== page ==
Murder in the Cathedral is a historical fiction play with strong Christian themes by the American-born British writer T.S. Eliot. It was first performed in Canterbury Cathedral on June 15, 1935 as part of the annual Canterbury Festival.
The play is inspired by the murder of the Archbishop of Canterbury Thomas Becket on December 29, 1170. In his younger days, although he was already an ordained priest, Becket had been a close friend of King Henry II of England and lived a purely secular life of pleasure. He was appointed Chancellor of England, making him one of the most powerful men in the realm, although he always obeyed the King's authority. However, when Henry II appointed Becket the Archbishop of Canterbury, he left his former life behind. He refused to submit to the King's secular power and, as a result, tensions arose between the two men, forcing Becket to go into exile in France for seven years. The play begins when Becket returns to Canterbury from exile, although he knows that his life is in danger.
Murder in the Cathedral is divided into two parts (both of which are in verse) with a sermon given by the character of Thomas Becket (in prose) between them. The play shows influences of Ancient Greek drama (with its inclusion of a Chorus) and of medieval morality plays in which personifications of vices appear as characters.
A performance of the play was shown on BBC television in 1936, the first year that television was broadcast in the United Kingdom. It was adapted as a black and white British film in 1951. An Italian opera based on the play, Assassinio nella catedrale, with music by Ildebrando Pizzeti, was first performed in 1958.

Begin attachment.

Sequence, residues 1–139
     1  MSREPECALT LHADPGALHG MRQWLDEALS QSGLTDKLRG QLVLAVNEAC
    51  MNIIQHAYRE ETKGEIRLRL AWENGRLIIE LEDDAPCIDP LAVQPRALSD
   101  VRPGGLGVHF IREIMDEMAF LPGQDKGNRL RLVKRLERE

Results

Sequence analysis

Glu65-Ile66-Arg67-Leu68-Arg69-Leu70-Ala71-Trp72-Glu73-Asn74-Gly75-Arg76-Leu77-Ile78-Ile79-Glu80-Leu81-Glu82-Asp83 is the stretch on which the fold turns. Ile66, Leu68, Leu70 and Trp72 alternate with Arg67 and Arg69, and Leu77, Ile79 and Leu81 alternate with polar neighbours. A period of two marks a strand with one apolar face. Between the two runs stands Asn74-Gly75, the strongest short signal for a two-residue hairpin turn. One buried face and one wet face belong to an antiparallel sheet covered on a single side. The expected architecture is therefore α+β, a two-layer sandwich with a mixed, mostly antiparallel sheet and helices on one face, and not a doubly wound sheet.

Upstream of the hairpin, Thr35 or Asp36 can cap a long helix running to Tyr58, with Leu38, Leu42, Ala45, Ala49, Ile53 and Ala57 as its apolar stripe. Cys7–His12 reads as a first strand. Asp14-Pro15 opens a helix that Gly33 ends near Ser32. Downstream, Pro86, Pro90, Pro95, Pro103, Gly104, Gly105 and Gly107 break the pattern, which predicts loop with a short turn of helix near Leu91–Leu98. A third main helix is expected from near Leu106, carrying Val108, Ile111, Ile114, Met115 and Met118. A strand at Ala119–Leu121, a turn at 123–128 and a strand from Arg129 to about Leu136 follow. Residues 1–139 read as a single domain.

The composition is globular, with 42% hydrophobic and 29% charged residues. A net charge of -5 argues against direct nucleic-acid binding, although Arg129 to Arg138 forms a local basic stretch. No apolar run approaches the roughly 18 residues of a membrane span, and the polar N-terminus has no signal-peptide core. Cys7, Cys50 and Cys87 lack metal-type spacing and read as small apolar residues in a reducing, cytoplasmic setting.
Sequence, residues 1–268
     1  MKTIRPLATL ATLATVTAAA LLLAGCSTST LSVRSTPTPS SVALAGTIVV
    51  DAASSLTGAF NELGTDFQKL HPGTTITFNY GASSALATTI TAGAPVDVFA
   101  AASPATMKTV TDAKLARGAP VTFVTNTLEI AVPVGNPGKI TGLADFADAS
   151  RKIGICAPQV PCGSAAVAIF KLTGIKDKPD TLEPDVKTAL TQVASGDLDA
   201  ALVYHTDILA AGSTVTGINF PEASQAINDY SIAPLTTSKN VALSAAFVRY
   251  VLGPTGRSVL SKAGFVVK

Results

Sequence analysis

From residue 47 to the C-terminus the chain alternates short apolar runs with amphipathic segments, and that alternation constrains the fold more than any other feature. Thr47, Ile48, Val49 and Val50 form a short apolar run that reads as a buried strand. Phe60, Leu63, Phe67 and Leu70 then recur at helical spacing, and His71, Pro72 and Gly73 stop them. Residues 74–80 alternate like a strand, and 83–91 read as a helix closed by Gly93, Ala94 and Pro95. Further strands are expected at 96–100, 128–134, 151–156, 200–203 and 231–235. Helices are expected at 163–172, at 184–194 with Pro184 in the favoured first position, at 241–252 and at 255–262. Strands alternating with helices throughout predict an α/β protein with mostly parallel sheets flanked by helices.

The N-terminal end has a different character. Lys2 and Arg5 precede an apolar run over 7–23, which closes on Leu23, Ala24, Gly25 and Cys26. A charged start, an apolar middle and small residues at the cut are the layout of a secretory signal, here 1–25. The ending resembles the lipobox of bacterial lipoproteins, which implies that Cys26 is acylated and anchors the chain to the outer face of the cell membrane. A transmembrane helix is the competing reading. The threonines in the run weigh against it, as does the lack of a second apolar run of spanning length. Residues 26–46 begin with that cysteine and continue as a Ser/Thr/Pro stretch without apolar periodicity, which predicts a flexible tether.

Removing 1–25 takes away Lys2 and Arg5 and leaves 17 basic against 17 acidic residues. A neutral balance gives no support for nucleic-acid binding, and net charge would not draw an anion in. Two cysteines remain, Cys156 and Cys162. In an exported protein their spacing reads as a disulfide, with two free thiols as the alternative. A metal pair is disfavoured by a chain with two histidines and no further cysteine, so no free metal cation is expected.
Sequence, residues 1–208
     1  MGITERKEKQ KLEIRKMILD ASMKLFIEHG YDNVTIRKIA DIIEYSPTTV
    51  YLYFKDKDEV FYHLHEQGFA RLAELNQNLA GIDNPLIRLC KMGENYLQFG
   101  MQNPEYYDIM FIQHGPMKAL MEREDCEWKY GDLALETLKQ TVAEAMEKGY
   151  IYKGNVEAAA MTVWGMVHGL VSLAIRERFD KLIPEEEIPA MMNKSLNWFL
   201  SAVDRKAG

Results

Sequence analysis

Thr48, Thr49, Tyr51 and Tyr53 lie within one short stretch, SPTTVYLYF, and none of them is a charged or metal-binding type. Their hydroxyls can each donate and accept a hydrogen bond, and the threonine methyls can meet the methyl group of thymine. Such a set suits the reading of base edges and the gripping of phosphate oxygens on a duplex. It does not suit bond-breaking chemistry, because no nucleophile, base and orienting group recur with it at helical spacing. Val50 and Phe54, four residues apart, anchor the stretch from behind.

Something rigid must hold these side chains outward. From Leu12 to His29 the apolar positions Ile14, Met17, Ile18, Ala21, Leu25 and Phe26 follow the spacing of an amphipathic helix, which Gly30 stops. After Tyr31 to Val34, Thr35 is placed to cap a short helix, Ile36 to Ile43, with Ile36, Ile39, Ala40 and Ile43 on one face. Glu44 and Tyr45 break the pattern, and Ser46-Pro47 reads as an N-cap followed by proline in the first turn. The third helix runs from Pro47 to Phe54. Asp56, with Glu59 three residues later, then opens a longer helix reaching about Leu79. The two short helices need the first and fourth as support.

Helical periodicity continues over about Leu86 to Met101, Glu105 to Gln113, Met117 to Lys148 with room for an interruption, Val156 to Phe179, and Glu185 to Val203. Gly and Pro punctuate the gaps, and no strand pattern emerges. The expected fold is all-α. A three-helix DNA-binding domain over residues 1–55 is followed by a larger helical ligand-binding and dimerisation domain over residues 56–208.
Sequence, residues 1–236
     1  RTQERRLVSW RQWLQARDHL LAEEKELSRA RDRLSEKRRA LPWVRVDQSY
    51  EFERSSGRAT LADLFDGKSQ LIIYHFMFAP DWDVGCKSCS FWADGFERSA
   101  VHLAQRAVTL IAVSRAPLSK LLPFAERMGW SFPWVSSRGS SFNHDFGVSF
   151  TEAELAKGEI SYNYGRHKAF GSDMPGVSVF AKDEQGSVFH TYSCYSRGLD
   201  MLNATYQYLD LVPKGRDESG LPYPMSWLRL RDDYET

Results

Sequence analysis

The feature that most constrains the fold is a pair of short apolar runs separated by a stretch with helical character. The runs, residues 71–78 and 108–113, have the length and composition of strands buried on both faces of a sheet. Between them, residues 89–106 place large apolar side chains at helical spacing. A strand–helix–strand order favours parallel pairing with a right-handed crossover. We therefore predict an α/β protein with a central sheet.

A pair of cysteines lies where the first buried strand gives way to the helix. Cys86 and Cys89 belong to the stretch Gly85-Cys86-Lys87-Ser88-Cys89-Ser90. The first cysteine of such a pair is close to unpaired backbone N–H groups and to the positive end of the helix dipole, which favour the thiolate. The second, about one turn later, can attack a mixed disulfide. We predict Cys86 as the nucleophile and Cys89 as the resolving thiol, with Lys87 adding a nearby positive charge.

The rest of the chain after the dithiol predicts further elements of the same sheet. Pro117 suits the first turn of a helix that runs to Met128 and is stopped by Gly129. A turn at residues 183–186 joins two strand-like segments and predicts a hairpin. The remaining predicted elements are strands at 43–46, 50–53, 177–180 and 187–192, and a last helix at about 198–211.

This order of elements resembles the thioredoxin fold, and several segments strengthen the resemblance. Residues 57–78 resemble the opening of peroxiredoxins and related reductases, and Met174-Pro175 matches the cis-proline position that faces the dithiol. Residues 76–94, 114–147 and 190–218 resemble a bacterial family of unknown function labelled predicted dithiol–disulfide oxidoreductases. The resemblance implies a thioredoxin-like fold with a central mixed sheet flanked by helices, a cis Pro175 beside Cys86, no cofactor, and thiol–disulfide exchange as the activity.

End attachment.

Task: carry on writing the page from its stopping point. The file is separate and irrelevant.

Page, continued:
The play opens on December 2, 1170. The Chorus of women of Canterbury gather at the Cathedral. They lament the difficult lives which they have to lead and have a premonition that something terrible will happen soon. They worry that Thomas Becket, the Archbishop of Canterbury, may soon return from his seven-year exile in France, which would anger King Henry II. Three priests also comment that they miss their Archbishop but worry about what would happen if he were to return.
A herald announces that Thomas Becket has returned to England and is on his way to Canterbury. He regrets to say that Becket and the King have not been reconciled and he fears that violence will follow.
The priests and the Chorus talk about how they are certain to suffer when Becket returns. One of the priests tells the Chorus that they should pretend to be happy when Becket comes back to Canterbury. At that moment, Becket arrives unexpectedly. He tells the priest that he is wrong and that the women are right to worry, since nobody knows God's plans.
Four Tempters appear, one after the other, to tempt Becket. The First Tempter says that Becket should return to the secular life of pleasure that he led as a young man. The Second Tempter tells Becket that he should become Chancellor of England again, saying that he can do more to help the poor in a political position than in a purely religious one. The Third Tempter suggests that Becket form a new government composed of the nation's barons, allowing him to effectively rule England. Becket finds these temptations easy to resist because they are things which he has already experienced.